The composite offset can be approximated with a second-order polynomial that is fitted to all the data outside of the main peak's area. Since at this point the wavelength of each data point is still unknown this is done with a rough first estimate of the three colors' peaks' locations and widths.
Wavelength- and amplitude calibration
The photodiode's response is strongly wavelength-dependent. In particular in the blue band, the photodiode's sensitivity gets very poor down to about 20% at the edge to ultraviolet. This effect is strong enough to move the apparent location of the blue peak towards red.
The problem is that in order to remove this non-linearity, we would already have to know the wavelength of the measured light. Since I don't, I settled for a two-step process. First, a coarse wavelength calibration is done relative to the red peak and the short-wavelength edge of the blue peak. The photodiode measurements are then sensitivity-corrected using this coarse measurement. Then all three channel peaks are measured in the resulting data and a fine wavelength estimate is produced by a least-squares fit of a linear function. This fine estimate is then used for a second sensitivity correction of all original measurements and the scale is changed from stepper motor step count to wavelength in nanometers.
Color space mapping
Finally, to achieve the objective of measuring the LED tape's channels' precise color coordinates the measured spetra have to be matched against the color spaces' color matching functions. The color matching functions describe how strong the color space's idealized standard observer would react to light at a particular wavelength. Going from a measured spectrum to color coordinates XYZ works by integrating over the product of the measurement and each color coordinate's color matching function.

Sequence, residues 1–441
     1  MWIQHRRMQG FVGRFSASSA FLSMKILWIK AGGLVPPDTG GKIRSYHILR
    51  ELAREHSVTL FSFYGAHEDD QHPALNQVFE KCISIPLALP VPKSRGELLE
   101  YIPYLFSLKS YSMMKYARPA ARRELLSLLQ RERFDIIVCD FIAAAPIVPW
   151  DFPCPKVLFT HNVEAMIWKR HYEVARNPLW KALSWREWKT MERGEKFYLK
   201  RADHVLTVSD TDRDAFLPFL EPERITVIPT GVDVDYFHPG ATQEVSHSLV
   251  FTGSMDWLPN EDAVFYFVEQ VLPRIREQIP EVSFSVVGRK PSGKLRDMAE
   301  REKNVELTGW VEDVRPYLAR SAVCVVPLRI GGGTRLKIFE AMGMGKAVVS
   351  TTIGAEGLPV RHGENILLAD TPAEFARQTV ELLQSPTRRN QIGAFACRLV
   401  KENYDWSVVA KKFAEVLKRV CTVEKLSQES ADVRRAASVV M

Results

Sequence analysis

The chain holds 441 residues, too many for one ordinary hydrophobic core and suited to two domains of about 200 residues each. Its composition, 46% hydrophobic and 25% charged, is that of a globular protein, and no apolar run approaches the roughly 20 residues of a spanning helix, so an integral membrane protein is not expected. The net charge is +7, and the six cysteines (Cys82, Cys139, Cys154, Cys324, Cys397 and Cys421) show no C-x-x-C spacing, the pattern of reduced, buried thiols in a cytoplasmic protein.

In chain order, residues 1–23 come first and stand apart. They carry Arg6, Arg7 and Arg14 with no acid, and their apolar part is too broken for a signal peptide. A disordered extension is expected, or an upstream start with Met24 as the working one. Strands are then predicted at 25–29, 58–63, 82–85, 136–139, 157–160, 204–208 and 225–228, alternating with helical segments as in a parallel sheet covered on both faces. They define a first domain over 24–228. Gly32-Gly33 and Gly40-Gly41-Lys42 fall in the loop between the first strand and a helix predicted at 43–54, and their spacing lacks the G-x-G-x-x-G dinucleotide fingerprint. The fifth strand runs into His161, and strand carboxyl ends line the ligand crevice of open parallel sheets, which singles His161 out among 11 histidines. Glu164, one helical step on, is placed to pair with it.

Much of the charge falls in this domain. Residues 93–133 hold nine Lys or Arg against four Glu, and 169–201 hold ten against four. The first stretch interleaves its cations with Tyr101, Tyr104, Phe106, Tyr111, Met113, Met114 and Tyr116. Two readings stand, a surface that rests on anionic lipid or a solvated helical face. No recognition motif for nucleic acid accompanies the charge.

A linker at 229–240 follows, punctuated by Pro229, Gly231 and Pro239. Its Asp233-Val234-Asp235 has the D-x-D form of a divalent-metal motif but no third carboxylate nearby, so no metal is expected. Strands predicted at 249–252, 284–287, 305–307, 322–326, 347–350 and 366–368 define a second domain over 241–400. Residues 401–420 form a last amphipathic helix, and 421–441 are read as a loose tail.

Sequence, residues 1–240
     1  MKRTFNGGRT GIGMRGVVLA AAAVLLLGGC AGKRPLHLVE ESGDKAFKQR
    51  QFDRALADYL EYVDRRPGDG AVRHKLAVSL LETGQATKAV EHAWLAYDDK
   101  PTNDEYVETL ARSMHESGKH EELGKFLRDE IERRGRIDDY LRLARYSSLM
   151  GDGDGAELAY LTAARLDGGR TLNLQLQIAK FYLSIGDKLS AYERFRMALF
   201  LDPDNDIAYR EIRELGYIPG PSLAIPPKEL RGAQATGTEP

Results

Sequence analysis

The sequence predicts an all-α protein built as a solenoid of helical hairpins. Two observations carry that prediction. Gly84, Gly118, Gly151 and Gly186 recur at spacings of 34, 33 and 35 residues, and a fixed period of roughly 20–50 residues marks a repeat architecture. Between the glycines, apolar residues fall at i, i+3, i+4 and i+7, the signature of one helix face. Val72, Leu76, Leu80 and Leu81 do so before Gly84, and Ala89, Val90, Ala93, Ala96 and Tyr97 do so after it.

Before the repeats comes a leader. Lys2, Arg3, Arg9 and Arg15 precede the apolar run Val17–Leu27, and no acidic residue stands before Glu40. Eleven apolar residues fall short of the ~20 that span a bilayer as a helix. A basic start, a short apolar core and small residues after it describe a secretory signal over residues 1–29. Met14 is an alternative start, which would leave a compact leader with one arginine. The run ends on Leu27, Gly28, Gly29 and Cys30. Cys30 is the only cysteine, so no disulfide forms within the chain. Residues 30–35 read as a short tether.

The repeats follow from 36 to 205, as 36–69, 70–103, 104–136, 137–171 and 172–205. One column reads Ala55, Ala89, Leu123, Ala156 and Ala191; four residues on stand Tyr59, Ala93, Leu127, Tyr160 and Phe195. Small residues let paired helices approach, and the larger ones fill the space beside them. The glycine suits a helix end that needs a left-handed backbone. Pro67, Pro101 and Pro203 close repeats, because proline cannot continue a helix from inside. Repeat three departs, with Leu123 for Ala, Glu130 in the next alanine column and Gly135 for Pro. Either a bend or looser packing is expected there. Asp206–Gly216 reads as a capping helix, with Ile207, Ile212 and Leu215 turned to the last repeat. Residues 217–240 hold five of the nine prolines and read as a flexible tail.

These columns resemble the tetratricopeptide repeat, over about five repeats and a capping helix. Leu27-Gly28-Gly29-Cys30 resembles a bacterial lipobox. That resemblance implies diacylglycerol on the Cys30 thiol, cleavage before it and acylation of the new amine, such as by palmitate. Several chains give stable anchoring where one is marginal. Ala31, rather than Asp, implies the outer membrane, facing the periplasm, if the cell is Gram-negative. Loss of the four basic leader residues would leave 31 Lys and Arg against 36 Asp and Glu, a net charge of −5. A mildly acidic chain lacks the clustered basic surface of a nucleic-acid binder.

The result are three color coordinates X, Y and Z for each channel R, G and B yielding nine coordinates in total. When written as a matrix conversion between XYZ color space and LED-RGB color space is as simple as multiplying that matrix (or its inverse) and a vector from one of the color spaces.
In XYZ space, the set of colors that can be produced with this LED tape is described by the parallelepiped spanned by the three channel's XYZ vectors. In the following figures, you can see a three-dimensional model of the RGB LED's color space (colorful) as well as sRGB (white) for comparison plotted within CIE 1931 XYZ. There is no natural map to scale both so for this illustration the LED color space has been scaled to fit. These figures were made with blender and a few lines of python. The blender project file including all settings and the python script to generate the color space models can be found in the project repo.
As you can see, the result is pretty disappointing. The LED's color space parallepiped is very narrow, which is because the blue channel is much brighter than the other two channels. An easy fix for this is to scale-up the RGB space and drop any values outside XYZ. The scaling factor is a trade-off between color space coverage and brightness. You can produce the most colors when you clip all channels to brightness of the weakest channel (green in this case), but that will make the result very dim. Scaling brightness like that stretches the RGB parallelepiped along its major axis. Up to a point the number of possible colors (the gamut) increases at expense of maximum brightness. When the parallelepiped is stretched far enought for all three channel vectors to be outside the 1,1,1 XYZ-cube, maximum brightness continues to decrease but the gamut stays constant. I don't know a simple scientific way to solve this problem, so I just played around with a couple of factors and settled on 2.5 as a reasonable compromise. Below is an illustration.
In the end, the above measurements yield two matrices: One for mapping XYZ to RGB, and one for mapping RGB to XYZ. Of the several versions of CIE XYZ I chose the CIE 1931 XYZ color space as a basis for the firmware because it is most popular. Mapping a color coordinate in one color space to the other is as simple as performing nine floating-point multiplications and six additions. Mapping Lab or Lch to RGB is done by first mapping Lab/Lch to XYZ, then XYZ to RGB. Lab to XYZ is somewhat complex since it requires a floating-point power for gamma correction, but any self-respecting libc will have one of those so this is still no problem. Lch also requires floating-point sine and cosine functions, but these should still be no problem on most hardware.